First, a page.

The facilities fund capital projects budget, which has a current balance of $319,233, includes two main expenditures this year. $150,000 is budgeted for a new roof on the Yellow Springs library, and $50,000 for the first stage of a multiyear improvement project at the Village’s Sutton Farm crew facilities. The expense is necessary to construct a shelter for Village equipment, which needs to be protected from weather, Hamby said.
The capital fund budget for this year also includes $50,000 for upgrades to the Bryan Center, and especially to Council chambers. Councilman Gerry Simms, who has led the Council chamber upgrade project, will present information at Council’s April 21 meeting on the improvements needed. Bryan Center upgrades would be paid out of the general fund balance of about $2 million.
Council members said they would like to hear from villagers in the Fair Acres neighborhood regarding repairs to their streets. The streets need considerable repair, according to Interim Manager Kent Bristol, because the initial construction was faulty and the Village could either start over and replace the streets, along with water and sewer pipes (at a cost of about $880,000) or just upgrade the streets, at a cost of about $80,000. The Village needs more input from the neighborhood before going ahead, Bristol said.
The 2014 capital project budget is available online at yso.com. Click on the April 7 Council packet.
In other Council April 7 business:
• Council heard from villagers Amy Magnus and Dawn Johnson, who urged Council members to bring municipal broadband to the village.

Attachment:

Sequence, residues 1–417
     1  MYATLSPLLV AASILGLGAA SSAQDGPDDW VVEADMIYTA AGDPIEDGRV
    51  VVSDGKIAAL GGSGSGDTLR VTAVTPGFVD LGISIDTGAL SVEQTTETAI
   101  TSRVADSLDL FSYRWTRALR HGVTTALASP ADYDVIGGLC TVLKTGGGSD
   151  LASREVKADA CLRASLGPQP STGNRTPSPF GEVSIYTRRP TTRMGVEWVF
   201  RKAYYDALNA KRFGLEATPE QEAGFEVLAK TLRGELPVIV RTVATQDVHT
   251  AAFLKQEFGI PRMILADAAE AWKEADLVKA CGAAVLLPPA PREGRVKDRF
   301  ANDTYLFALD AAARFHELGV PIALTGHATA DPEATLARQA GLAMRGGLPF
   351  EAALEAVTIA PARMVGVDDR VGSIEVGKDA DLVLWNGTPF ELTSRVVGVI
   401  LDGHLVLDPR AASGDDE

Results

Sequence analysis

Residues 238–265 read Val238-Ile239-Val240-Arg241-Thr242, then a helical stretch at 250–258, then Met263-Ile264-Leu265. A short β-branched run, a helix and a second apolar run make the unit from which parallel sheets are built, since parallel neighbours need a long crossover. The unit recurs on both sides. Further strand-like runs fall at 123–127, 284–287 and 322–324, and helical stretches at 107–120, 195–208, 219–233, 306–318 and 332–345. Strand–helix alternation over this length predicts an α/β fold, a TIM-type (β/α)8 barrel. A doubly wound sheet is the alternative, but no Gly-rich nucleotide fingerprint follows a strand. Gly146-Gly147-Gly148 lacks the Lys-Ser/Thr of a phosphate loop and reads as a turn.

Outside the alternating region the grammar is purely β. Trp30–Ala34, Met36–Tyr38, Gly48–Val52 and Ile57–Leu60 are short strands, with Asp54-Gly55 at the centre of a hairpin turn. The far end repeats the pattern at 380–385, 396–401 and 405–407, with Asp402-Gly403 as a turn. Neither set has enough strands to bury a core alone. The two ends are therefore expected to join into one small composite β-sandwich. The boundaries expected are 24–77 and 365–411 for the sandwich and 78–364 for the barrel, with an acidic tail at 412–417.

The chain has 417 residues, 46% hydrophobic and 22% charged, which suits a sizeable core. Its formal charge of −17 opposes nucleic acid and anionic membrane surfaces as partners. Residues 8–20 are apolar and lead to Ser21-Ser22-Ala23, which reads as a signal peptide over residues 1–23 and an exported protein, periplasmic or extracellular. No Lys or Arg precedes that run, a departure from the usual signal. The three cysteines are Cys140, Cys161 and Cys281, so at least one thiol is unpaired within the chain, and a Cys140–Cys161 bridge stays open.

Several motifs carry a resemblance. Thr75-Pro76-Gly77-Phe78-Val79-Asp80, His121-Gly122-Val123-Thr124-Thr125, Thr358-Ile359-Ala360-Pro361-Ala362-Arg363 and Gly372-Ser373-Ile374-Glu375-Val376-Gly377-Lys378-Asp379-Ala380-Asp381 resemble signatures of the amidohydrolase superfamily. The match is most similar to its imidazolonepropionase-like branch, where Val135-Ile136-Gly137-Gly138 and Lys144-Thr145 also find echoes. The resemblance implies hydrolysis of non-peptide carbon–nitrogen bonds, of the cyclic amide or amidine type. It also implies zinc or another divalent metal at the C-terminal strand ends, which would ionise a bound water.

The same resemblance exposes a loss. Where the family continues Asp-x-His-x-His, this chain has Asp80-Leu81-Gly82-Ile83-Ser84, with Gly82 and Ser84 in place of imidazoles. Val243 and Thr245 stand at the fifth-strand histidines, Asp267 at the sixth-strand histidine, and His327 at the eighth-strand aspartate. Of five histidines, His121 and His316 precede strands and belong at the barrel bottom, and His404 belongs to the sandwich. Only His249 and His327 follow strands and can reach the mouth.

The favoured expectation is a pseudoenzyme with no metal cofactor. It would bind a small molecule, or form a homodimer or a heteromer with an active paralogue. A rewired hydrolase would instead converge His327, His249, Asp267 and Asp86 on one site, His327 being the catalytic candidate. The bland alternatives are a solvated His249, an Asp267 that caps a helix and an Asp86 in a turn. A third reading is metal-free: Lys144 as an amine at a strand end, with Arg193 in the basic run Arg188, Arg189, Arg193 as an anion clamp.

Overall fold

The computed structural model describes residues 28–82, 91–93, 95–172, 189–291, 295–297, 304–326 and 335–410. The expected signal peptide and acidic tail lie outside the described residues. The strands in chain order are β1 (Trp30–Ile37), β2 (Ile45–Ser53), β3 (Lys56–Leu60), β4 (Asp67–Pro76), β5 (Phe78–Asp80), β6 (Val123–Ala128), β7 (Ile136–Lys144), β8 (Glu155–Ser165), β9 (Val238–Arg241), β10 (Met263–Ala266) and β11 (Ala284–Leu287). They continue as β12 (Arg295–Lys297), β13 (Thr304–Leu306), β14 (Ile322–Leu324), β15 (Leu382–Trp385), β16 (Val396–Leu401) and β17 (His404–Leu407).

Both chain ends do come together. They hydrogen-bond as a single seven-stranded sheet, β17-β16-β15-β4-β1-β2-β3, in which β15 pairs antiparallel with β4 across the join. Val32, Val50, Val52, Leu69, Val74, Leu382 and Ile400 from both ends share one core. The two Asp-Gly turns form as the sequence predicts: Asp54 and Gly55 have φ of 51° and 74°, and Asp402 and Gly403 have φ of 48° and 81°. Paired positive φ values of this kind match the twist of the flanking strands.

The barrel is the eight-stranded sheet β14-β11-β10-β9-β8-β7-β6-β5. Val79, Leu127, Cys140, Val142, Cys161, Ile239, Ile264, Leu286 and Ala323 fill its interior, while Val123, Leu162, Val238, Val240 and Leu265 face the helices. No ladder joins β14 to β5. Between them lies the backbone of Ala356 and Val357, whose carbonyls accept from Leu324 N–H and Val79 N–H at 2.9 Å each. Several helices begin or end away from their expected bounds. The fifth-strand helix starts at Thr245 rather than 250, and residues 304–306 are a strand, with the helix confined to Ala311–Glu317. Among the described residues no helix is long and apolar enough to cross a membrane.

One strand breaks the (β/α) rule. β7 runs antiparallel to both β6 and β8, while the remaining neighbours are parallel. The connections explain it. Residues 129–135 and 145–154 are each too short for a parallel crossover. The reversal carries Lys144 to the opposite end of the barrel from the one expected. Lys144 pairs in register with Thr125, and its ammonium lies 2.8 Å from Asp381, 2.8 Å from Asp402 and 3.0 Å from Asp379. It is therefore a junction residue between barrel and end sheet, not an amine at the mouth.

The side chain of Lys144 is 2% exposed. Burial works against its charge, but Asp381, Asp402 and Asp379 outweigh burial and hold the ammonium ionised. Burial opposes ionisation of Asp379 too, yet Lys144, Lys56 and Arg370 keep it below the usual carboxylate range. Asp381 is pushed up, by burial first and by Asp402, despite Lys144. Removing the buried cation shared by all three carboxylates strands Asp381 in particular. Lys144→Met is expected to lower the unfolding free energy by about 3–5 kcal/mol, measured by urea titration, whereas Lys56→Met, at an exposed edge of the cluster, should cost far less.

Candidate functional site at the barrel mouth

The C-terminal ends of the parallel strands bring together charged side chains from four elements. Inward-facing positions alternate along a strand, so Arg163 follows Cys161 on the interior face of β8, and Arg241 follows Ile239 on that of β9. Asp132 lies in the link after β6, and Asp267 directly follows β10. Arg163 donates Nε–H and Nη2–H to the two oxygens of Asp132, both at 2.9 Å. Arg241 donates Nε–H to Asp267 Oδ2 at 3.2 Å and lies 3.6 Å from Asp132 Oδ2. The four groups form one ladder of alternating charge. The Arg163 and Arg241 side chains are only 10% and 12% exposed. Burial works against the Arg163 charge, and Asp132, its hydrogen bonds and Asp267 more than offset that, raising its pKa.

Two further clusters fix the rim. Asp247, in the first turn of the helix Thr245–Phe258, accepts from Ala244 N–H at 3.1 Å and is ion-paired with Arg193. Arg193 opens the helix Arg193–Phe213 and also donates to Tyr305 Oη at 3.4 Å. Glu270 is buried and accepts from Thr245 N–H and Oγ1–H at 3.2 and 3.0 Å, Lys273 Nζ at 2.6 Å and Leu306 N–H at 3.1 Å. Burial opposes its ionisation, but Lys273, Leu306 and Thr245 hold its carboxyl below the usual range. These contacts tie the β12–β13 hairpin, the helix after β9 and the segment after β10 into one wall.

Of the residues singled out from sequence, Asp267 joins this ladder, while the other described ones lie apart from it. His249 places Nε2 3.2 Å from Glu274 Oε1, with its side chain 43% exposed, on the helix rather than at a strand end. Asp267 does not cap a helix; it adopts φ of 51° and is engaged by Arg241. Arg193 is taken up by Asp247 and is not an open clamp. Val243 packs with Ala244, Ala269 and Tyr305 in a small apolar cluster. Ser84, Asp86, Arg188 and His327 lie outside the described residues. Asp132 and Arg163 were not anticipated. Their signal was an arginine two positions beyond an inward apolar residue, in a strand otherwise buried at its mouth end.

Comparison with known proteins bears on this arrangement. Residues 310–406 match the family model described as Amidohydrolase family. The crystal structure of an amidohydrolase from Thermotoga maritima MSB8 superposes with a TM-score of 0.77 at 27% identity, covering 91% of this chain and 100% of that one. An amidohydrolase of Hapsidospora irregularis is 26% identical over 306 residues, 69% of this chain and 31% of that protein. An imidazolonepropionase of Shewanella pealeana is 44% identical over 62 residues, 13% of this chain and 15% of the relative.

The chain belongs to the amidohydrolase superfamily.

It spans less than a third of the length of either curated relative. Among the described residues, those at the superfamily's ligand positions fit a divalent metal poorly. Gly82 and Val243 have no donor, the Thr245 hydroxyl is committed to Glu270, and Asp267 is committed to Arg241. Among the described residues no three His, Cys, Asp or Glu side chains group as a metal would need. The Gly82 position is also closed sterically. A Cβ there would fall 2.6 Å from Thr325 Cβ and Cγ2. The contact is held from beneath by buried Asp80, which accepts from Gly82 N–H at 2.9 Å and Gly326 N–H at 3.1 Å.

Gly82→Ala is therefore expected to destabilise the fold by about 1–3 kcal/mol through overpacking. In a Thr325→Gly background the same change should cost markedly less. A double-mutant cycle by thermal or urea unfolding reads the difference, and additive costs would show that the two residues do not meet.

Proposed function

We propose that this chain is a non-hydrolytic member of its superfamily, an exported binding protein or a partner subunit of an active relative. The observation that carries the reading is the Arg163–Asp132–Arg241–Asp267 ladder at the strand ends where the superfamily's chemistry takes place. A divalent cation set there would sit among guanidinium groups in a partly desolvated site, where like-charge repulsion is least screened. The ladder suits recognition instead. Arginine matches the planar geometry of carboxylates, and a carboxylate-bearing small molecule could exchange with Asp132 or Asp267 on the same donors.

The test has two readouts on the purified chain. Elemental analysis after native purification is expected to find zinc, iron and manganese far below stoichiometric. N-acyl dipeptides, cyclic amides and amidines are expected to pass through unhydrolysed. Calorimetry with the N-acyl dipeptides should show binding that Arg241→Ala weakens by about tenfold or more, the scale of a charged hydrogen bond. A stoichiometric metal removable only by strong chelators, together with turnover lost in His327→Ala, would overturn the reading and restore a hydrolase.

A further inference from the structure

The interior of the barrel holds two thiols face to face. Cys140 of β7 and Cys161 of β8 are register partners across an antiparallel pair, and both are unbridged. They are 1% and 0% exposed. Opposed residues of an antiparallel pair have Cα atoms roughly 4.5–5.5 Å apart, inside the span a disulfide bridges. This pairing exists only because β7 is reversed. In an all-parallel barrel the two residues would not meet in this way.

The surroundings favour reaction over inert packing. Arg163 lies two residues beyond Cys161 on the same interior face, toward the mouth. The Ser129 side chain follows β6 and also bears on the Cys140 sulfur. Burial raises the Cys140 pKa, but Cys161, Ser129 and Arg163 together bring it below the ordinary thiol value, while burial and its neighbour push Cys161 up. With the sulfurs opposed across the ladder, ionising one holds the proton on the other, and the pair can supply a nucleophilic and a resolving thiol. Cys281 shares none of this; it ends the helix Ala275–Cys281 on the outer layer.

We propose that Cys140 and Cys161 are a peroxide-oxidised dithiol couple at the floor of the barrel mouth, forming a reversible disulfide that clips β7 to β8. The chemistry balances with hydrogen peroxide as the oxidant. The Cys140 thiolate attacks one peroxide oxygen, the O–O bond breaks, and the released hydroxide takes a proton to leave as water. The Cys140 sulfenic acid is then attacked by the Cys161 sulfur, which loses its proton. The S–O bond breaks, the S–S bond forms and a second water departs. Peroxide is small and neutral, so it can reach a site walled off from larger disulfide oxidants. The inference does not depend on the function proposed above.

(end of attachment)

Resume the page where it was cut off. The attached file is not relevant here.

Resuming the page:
“The Internet has become a utility, like water and electricity,” Magnus said, stating that more villagers are now telecommuting, and service in recent years has declined. “There are signs that people are frustrated and their needs are not being met.”
Municipal broadband could mean higher speed Internet for villagers, along with improved health care and police protection, Magnus said.
The women have initiated a survey to identify community Internet needs, and also encouraged Council to move forward with a grant application for the service.
Karen Wintrow expressed interest but concern that the Village may not have the capacity at this time to apply for the grant. She requested that Magnus and Johnson bring more information to an upcoming meeting.
• Council heard the annual report from the Yellow Springs library from Greene County Library Director Karl Colon.
• Council heard a presentation from Greene County Council on Aging Director Karen Puterbaugh on the Senior Services levy on the May budget. Several representatives of the Yellow Springs Senior Center also attended.
About 40 percent of villagers are over 55 and that number will increase in the future, according to YSSC Director Karen Wolford, who said that 35 percent of the YSSC budget comes from the Council on Aging.
Council members encouraged villagers to support the levy.
“We have seen seniors contribute so much to the community. They deserve to get paid back in this small way,” MacQueen said.
Council’s next regular meeting is Monday, April 21, at 7 p.m. in Council chambers.